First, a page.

I am an existential psychotherapist. This means material you bring to sessions will be looked at in the context of considering: how you experience living; choices you make; the underlying values and beliefs you have; and the emotional and psychological responses you experience. I am covered by professional insurance and am registered with the BACP and UKCP.
I have worked as a psychotherapist for over ten years now and have experience not only from my private practice, but also from other clinical settings such as the NHS, mental health charities, and Employee Assistance Programs. During this time I have worked with a broad spectrum of dilemmas people face in their lives: depression; anxiety; shame; guilt; work; relationships; trauma; divorce; bereavement; identity, and so on.In addition to this I have continued to reflect on my practice both through the process of professional supervision, and through Continued Professional Development (CPD)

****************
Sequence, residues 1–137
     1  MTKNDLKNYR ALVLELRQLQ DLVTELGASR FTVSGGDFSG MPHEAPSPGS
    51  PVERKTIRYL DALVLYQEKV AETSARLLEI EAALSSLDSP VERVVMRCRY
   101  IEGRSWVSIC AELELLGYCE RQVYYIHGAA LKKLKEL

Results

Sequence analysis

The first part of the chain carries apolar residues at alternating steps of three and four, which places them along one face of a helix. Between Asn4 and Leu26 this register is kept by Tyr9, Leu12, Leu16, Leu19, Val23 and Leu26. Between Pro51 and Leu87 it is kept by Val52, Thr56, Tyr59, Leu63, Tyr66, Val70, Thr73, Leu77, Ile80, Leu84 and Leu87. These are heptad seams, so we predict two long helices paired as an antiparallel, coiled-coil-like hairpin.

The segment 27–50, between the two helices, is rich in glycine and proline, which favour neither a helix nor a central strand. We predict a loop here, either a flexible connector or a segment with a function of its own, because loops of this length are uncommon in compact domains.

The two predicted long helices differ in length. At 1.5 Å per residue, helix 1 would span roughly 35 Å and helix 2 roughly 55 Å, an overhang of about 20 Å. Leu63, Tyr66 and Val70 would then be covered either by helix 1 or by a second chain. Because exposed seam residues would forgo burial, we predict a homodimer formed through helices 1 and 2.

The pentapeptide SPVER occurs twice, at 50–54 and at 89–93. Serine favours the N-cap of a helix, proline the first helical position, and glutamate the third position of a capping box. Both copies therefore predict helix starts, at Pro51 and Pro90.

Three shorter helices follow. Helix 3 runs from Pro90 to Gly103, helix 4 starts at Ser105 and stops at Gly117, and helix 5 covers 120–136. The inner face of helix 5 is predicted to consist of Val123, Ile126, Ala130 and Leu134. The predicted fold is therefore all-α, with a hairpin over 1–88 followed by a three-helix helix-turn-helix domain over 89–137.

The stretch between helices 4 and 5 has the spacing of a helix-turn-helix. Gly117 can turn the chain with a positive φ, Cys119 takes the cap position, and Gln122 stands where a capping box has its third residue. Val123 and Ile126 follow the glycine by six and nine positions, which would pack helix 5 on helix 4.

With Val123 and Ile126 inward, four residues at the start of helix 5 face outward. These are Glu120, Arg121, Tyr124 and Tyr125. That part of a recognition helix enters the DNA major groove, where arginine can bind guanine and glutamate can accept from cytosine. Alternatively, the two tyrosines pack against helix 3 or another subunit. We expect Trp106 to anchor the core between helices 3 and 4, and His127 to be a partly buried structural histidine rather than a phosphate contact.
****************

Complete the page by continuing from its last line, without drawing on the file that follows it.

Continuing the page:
My approach is an existential-phenomenological one. This involves employing ideas from existential philosophy to a therapeutic setting. Key themes amongst these ideas are: freedom; guilt; shame; anxiety; meaning; authentic/inauthentic ways of being; ethics; the body; and spirituality. Phenomenology is a way to break down what material you bring to sessions and examine them and how they are affecting the way you are living. I am also influenced by some ideas outside of existential philosophy e.g. psychoanalysis, and integrative psychotherapies, and some other ways of thinking about psychotherapy. However, research in talking therapies suggests it is less the modality that affects positive outcome, but more the relationship between client and therapist. To acknowledge this relationship is also to acknowledge that we have the possibility to engage in a meaningful reflection of what it is to be human, and to live in a particular time, and historical context, whilst also to accept the inescapable ontological givens that we have to contend with: embodiment; mortality; choice etc;